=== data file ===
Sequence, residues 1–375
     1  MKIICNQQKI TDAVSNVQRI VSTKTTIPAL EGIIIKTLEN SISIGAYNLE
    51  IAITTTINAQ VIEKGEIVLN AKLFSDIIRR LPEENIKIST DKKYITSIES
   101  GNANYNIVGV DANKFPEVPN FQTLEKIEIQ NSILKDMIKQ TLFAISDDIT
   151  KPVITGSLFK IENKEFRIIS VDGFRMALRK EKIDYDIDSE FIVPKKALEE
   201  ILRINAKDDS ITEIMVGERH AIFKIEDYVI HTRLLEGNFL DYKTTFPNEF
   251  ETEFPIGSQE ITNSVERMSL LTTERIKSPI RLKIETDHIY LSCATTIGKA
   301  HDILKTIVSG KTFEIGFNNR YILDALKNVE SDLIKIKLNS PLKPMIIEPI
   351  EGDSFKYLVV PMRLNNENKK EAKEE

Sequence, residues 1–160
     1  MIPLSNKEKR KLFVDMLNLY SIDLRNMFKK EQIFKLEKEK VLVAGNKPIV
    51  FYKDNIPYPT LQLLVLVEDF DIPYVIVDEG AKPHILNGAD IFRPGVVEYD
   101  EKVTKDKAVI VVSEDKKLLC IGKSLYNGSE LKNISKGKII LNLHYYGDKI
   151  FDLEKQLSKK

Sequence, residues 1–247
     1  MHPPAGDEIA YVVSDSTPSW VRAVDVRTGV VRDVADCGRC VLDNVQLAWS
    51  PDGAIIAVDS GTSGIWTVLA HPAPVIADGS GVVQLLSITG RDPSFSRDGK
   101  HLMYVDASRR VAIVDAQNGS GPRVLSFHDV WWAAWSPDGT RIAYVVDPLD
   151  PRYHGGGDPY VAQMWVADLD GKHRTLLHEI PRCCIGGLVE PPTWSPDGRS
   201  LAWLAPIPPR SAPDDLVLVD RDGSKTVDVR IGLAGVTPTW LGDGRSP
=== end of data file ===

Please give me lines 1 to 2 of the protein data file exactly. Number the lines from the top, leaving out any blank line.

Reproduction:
Sequence, residues 1–375
     1  MKIICNQQKI TDAVSNVQRI VSTKTTIPAL EGIIIKTLEN SISIGAYNLE